Huge amounts of time and money go into people like Francois trying to keeping their capital pure, so that when it is remitted into the UK no tax is payable. Similarly, HMRC spends huge amounts of time and money trying to prove that Francois has in some way got it wrong. If it succeeds in proving Francois has remitted taxable monies he will then have to pay interest and penalties on what he did not declare.

All monies whether capital, income or gains should be subject to income tax  when remitted, with broad exemptions for monies invested in the UK; property, equity, debt or alternative investments. This is fair because it taxes what they spend, but not what they invest, in the UK.

This simple change would cut expenses and make the UK much more attractive for non-doms to live and bring with them their monies

3. Remove the levy on the remittance basis of taxation.

4. Change the excluded property settlement rules for inheritance tax. Currently if a trust is set up offshore and is treated as an ‘excluded property settlement’ all assets treated as non UK situs are outside the scope of inheritance tax. Why not therefore treat such trusts with  trustees and management in the UK resident as if they were offshore. In this way excluded property trusts would be much more transparent to everyone, would create jobs for our trained and skilled trustees and bring more monies into the UK to be managed. The UK invented the trust but we do so little trust work now in the UK. All disputes affecting such trusts should also have access to our UK court system.

5. Introduce an amnesty, for all non doms who bring their excluded property settlements onshore. Most excluded property settlements were set up such a long time ago that not only are records impossible to find, but also the distinction between capital and income has become impossibly blurred. For all excluded property settlements which migrate to the UK there could be an amnesty for any tax liability incurred as a result of inaccuracies in accounting and administration. This would be particularly attractive when the Common Reporting Standard becomes fully operational in 2017 when taxpayers would prefer to locate their wealth to a jurisdiction where the administration and compliance rules are well understood and properly applied.

6. Change the Stamp Duty Land Tax on residential properties to a more modest rate. Currently the rate introduced by George Osborne is at 12% (15% for second homes) which has had a negative impact on the collection of tax. It would appear that the tax take for Westminster, and Kensington and Chelsea, which used to account for more than Scotland, Wales, Northern Ireland and Northern England has since 2013/14 fallen by half. This is a great example of the Laffer curve, which shows that if the rate of tax is put up to a level at which the taxpayer will not pay the collection of tax goes down.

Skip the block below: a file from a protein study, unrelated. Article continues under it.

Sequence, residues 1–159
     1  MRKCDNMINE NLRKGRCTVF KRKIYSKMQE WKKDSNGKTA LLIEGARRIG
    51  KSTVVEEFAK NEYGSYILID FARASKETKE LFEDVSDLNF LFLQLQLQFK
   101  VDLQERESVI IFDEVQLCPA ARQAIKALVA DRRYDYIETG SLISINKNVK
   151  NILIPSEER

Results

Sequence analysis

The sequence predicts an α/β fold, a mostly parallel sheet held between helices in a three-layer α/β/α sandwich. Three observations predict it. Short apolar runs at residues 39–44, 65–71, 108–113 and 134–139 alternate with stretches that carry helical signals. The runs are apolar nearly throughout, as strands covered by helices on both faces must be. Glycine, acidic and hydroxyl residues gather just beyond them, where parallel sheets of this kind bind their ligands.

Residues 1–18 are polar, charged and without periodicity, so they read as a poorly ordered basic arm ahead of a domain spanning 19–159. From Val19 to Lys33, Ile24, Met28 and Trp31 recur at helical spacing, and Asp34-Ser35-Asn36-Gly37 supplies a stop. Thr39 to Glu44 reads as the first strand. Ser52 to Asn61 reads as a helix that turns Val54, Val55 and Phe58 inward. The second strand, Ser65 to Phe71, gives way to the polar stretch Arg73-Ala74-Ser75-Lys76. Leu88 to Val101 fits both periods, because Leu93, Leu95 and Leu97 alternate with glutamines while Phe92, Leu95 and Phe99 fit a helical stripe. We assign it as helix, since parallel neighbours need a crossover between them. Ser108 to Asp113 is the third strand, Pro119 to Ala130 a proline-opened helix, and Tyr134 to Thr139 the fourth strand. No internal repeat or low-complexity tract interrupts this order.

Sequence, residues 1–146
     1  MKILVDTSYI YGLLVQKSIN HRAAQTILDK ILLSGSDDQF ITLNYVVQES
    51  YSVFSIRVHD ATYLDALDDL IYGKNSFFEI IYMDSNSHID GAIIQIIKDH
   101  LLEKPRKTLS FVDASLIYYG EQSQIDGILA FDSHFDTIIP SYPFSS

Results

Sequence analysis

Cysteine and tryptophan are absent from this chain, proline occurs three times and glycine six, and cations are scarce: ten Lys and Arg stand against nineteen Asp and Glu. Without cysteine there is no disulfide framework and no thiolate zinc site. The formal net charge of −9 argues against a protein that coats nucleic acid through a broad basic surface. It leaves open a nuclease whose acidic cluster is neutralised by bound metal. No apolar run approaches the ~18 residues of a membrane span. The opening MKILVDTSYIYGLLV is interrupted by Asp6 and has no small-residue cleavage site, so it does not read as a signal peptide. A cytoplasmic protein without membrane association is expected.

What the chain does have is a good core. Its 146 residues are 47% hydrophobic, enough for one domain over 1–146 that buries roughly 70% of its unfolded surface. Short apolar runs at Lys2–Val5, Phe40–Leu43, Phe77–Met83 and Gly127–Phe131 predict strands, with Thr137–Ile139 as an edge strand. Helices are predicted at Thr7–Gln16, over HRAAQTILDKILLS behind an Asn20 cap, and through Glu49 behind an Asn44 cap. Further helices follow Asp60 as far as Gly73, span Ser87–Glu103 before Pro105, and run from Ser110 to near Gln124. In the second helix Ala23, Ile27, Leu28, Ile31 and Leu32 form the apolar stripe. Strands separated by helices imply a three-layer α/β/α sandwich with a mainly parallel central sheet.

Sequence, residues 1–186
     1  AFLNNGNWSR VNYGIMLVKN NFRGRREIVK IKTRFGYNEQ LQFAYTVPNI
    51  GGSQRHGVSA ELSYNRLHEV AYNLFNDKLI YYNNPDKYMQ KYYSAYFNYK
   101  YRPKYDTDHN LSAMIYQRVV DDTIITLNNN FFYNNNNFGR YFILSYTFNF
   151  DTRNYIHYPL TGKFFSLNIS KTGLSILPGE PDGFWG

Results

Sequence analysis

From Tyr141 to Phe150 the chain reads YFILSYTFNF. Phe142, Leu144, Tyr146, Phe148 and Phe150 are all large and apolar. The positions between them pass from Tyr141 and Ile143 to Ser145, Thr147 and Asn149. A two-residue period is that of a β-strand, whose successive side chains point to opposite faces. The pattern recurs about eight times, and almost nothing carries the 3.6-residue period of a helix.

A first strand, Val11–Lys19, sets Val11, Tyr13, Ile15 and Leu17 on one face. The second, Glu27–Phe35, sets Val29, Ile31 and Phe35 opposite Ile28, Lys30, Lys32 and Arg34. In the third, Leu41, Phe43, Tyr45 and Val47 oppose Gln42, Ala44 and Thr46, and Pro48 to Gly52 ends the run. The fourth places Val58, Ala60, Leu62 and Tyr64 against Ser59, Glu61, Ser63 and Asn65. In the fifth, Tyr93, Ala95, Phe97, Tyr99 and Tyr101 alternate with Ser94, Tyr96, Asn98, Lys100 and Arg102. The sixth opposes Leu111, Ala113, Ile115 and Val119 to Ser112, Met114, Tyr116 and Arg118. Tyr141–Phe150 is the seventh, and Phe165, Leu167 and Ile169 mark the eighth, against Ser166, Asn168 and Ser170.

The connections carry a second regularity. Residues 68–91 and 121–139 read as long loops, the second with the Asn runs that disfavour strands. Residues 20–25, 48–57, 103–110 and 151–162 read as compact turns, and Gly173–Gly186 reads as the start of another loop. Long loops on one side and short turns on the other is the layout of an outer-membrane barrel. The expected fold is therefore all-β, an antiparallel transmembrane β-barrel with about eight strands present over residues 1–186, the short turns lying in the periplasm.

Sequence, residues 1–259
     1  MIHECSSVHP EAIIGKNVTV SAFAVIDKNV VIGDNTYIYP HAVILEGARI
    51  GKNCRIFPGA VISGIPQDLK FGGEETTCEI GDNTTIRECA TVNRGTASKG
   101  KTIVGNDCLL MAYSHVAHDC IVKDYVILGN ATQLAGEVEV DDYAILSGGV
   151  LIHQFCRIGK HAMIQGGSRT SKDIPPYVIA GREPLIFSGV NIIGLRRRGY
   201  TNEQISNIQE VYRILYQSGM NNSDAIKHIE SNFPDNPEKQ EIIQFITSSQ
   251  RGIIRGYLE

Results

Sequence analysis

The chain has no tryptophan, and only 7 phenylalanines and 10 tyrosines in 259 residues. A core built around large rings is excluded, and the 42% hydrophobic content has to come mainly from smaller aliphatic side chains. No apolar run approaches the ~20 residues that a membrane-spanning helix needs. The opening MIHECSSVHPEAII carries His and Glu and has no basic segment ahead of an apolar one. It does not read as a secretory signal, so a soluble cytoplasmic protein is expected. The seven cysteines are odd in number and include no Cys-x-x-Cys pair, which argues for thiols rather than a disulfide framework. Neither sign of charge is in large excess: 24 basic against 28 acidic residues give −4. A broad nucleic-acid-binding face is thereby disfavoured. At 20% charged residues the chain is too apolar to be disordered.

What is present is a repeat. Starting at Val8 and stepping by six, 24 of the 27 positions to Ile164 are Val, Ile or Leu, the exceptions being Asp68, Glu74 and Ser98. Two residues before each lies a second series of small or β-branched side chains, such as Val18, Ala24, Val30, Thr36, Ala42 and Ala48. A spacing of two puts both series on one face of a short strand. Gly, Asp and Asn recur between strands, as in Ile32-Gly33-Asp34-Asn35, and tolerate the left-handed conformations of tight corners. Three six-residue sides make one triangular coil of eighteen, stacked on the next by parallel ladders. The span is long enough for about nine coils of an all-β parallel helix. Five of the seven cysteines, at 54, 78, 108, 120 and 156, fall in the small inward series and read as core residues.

Our country needs to find the rate of stamp duty land tax at which the maximum tax is collected and not just what rate is likely to win the most votes.

If you have any comments please please call on 020 3740 7423 or email svetlana@garnhamfos.com 

If you think any or all of the above could increase your ability to win business in the UK and thereby improve our economy please forward this to your MP or to any influential politician, journalist or friend so that we can start to formulate a strategy post Brexit.

One door closes another opens

Joshua came to see me last week, it is always a pleasure to meet him. 

He is quietly spoken, but always has some interesting insights into what is going on and cares deeply for his clients.

He told me that several well-known banks were reviewing their clients and for those, who may have been with a bank for many years, but for whom the bank has insufficient information about their source of funds these clients were being asked to take their business elsewhere. Many of these people in his opinion were not laundering suspicious monies; they merely did not have the necessary paperwork about transactions and deals, which may have happened many years ago, to substantiate their claims as to the source of funds.

What were they doing about securing new banking relationships I asked. From his knowledge these people were seeking out smaller foreign banks which did not have a full banking license in the UK, with which to open an account. Without a full banking license these banks were subject to the banking laws of their home country and in some cases could take a more pragmatic approach to the evidence as to the source of funds of their clients.

There was another reason why these smaller foreign banks were growing so rapidly. The amount of detail which financial institutions need to disclose to their local authority under the Common Reporting Standard varies from country to country. Whereas some countries need to disclose the beneficial owner of the funds others also need to disclose the value of the funds with that financial institution. For those families for whom kidnap and financial theft are of real concern, the less information disclosed the better. These families are now also taking active steps to seek out banks in jurisdictions which disclose as little information as is possible. As a result these banks have seen a substantial influx of funds.

It may seem harsh that clients who have been looked after by their bank for many years are now being told to take their business elsewhere. The anti-money laundering rules are not new. However, given the extent of the fines many banks have had to pay for flouting these rules to keep their business, it is hardly surprising that they are prepared to shed some business to keep their reputation intact and the risk of being fined down.